Q. Why isn’t your telephone number included on your masthead on Page 2 so I can call you if I want to?
A. We do not have an established office; we run our business from the road. We check our e-mail several times a day, and we usually receive snail mail every week. Those are the best ways to reach us. At one time we did publish our telephone number, and it became a problem. We got calls at midnight when we were on the East coast from people on the West coast who were looking for a campground for the night and wanted recommendations. When we were on the West coast, we got calls at 6 a.m. from people on the East coast wanting to tell us about a funny sign they had seen and should include in the paper. It just became too much of a problem.
Q. Why do you have other websites, such as your Honor A Veteran or the Bad Nick Blog?
A. We have several websites, GypsyJournal.net, MotorcycleTravelOnline.com, Publishing4Profit.com, HonorAVeteran.com, and the Bad Nick Blog. I started them partly because they cover topics I am interested in and saw a need for, and partly for economic reasons. Each time someone clicks the ad links on our websites, we make a small commission. It all adds up to help us make a profit.
Q. What happened to your Today’s Hero Blog?
A. While I really enjoyed Today’s Hero, and it is still online, though I haven’t updated it in months. People just stopped sending in new nominations and I ran out of heroes to write about. I’d like to revive it someday if there is enough interest.
Q. Why is your main website GypsyJournal.net instead of .com?
A. The .com suffix was already taken when I started our Gypsy Journal website and the .net was the next best thing available.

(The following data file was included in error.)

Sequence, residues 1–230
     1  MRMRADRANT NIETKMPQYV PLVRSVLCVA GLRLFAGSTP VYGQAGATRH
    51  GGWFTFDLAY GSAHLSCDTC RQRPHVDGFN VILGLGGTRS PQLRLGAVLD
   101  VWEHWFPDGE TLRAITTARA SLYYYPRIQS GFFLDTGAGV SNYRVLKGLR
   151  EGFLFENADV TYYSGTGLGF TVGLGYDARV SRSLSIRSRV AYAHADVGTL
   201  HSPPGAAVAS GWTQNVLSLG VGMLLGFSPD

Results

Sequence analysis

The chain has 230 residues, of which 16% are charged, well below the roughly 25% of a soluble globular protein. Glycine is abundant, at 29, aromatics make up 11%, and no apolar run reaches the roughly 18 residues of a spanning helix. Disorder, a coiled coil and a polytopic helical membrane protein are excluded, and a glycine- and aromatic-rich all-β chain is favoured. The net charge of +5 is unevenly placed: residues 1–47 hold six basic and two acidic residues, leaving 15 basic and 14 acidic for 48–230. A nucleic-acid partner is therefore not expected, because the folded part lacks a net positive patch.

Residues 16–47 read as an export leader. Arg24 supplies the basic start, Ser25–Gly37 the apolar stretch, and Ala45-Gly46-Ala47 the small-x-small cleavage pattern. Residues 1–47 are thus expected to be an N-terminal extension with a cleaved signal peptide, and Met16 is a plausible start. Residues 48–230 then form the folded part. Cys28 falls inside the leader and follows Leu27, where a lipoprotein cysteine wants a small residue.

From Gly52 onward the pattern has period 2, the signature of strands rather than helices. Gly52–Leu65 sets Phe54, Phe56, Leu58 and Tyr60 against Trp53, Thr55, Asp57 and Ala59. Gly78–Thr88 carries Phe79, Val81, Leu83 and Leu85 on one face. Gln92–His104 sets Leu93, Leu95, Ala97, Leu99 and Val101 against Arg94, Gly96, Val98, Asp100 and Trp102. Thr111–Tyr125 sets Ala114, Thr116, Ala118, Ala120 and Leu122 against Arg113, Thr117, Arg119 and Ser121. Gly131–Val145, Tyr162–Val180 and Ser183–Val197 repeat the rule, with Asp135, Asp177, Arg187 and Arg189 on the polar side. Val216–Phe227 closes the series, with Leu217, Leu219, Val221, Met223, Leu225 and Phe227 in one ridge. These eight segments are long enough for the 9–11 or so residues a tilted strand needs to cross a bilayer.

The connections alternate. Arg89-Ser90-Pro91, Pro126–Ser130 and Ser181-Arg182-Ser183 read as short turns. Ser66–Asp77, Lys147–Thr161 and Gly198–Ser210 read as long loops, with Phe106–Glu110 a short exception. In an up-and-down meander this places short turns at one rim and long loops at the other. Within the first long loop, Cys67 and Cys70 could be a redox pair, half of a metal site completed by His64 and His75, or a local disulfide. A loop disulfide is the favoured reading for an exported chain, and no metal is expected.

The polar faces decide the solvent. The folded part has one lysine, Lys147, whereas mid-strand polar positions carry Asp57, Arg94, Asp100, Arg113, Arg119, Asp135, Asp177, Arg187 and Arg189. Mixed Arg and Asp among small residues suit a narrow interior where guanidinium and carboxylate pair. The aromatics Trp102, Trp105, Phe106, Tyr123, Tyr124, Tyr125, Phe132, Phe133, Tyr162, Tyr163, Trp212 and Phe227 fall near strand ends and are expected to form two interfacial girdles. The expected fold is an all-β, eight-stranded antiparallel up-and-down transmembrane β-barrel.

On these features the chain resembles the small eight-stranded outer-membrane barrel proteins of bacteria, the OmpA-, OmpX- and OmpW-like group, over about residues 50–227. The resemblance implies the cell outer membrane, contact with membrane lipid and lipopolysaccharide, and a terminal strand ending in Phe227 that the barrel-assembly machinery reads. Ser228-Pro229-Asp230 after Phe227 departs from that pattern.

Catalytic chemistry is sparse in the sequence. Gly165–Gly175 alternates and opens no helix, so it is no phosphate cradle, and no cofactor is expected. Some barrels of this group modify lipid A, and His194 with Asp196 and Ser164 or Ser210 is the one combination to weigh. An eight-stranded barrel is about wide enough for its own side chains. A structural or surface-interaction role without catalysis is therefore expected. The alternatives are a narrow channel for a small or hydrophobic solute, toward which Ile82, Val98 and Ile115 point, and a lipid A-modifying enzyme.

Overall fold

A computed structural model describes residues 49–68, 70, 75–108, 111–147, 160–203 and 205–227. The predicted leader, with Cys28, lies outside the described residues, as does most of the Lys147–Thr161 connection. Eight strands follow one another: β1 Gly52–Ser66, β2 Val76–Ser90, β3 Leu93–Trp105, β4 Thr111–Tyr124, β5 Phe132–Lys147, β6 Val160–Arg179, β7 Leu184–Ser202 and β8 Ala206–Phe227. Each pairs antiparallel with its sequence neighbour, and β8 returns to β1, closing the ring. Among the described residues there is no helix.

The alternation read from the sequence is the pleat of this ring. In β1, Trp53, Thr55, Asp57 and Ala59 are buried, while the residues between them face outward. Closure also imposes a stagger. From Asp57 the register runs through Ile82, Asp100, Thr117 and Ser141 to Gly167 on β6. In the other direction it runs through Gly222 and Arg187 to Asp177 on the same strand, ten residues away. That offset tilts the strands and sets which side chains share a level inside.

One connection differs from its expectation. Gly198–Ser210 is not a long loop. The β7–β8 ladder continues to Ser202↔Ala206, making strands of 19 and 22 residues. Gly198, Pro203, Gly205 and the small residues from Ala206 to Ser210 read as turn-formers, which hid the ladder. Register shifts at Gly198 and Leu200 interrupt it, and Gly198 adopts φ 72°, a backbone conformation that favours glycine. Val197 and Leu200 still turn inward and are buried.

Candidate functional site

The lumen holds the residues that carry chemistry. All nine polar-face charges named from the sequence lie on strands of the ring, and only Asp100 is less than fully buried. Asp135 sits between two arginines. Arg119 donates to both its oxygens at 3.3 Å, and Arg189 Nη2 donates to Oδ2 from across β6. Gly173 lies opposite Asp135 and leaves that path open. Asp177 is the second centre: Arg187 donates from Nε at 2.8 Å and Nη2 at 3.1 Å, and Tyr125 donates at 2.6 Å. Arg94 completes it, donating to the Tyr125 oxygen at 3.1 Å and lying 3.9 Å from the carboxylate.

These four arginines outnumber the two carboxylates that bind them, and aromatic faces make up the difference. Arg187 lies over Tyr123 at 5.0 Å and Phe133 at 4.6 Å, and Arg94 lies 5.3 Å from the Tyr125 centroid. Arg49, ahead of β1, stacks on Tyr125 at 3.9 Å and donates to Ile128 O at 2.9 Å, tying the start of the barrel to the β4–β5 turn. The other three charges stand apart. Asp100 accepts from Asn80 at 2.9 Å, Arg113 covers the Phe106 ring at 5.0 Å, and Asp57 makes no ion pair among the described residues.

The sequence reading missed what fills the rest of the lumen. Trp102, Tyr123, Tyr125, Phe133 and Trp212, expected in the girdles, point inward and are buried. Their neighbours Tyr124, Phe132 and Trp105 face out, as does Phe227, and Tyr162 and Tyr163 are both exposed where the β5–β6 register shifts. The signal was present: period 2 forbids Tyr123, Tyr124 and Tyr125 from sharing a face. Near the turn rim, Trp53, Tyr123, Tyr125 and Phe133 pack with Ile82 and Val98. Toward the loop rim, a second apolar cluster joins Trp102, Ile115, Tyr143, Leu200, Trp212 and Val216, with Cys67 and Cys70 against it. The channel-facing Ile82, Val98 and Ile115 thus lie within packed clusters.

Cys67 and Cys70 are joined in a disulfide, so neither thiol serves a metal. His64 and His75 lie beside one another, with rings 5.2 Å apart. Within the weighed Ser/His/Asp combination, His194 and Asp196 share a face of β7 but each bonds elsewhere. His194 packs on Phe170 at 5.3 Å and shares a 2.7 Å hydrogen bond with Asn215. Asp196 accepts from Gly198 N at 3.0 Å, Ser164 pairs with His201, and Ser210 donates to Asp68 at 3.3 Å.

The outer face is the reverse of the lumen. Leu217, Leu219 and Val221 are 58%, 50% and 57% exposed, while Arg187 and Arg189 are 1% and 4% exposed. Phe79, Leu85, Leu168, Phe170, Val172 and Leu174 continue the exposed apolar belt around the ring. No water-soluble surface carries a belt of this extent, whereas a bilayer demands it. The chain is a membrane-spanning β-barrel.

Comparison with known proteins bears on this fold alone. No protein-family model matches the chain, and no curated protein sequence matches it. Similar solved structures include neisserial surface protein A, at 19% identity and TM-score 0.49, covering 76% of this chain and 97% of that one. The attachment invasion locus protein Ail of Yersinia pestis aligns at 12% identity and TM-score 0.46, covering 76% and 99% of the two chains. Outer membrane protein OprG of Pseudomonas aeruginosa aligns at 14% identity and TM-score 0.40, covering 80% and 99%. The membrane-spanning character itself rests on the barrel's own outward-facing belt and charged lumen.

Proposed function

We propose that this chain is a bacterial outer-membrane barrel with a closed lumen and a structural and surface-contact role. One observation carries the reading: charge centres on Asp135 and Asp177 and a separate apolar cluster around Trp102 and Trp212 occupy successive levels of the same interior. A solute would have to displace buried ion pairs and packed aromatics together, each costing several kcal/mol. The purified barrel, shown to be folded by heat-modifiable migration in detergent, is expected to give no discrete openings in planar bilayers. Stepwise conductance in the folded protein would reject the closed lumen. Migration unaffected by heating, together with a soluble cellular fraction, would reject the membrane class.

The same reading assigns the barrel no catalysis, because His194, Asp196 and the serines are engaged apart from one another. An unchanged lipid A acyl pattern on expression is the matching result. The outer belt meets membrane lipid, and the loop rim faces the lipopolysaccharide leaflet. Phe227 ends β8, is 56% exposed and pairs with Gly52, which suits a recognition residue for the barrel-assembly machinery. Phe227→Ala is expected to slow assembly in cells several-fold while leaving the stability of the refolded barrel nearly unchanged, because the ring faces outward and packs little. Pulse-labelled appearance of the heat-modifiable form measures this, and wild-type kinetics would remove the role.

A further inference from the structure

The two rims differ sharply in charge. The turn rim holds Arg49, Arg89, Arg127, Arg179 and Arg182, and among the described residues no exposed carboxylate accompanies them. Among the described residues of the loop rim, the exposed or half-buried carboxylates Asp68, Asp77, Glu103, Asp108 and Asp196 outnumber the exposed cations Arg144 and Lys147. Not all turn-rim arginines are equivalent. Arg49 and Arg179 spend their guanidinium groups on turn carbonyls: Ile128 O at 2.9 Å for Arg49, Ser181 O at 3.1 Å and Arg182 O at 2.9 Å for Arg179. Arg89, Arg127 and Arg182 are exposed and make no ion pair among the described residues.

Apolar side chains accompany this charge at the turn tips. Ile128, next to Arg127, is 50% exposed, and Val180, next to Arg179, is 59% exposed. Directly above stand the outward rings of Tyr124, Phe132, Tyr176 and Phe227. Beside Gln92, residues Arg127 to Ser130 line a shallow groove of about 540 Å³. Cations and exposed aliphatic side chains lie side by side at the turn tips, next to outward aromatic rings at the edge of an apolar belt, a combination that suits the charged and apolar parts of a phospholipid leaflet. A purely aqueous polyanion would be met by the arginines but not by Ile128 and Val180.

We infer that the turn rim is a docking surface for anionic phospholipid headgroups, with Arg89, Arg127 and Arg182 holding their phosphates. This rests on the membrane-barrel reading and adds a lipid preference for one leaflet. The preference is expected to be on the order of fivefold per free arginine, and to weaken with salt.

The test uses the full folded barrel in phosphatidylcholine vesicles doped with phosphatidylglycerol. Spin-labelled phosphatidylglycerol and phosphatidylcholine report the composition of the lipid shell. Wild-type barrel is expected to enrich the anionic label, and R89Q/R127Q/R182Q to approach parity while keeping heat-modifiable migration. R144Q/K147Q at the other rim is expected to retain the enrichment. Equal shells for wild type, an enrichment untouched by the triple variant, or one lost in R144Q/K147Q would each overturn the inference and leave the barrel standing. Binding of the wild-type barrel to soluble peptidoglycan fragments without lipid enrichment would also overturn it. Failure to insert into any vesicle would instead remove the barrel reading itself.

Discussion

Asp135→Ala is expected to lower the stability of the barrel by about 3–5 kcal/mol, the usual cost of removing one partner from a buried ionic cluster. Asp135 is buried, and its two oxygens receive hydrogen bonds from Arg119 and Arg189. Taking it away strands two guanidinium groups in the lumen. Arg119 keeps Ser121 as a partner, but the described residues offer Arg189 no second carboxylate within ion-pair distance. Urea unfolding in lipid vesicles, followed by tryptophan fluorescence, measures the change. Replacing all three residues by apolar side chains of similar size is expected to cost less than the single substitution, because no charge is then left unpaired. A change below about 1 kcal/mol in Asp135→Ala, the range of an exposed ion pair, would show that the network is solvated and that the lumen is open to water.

Q. You seem to be going in a dozen different directions at once, between the paper, your rallies, speaking at RV events, and your websites. Where do you find the time for everything?
A. Everything in life takes some sacrifice, and one has to set priorities. In my case, I have given up dieting and exercise to squeeze in the extra time I need. Seriously, I’m pretty much a Type A person and I thrive on all of this. After a lifetime of publishing daily and weekly newspapers, having a deadline come around every two months is like a permanent vacation, and I need to fill the time.
Q. You do an Eastern and a Western rally every year. How about a third, floater rally, maybe in the Pacific Northwest one time, in the south another time?
A. This has come up before, and Miss Terry assures me that if I add one more event, she’ll be sitting under a palm tree on a beach somewhere when it happens. We can only stretch ourselves so far.
Q. I have all of your books. Are you going to bring out any more?
A. I have a couple written now that still need to be proofed and formatted. I hope to be able to announce them very soon. And there are several other writing projects I am also working on.
Q. What do you see in the future for the Gypsy Journal and for yourselves? Any long term plans to settle down someplace in the future?
A. Terry and I are both in agreement that we’ll continue to do just what we are doing for as long as we possibly can. We’re both in pretty good health, we’re having fun, and we’re happy. Why would we want to do anything else? As long as we can physically continue, and as long as our readers keep on wanting what we produce, we’ll be out here exploring America’s small towns and back roads, and writing about our travels.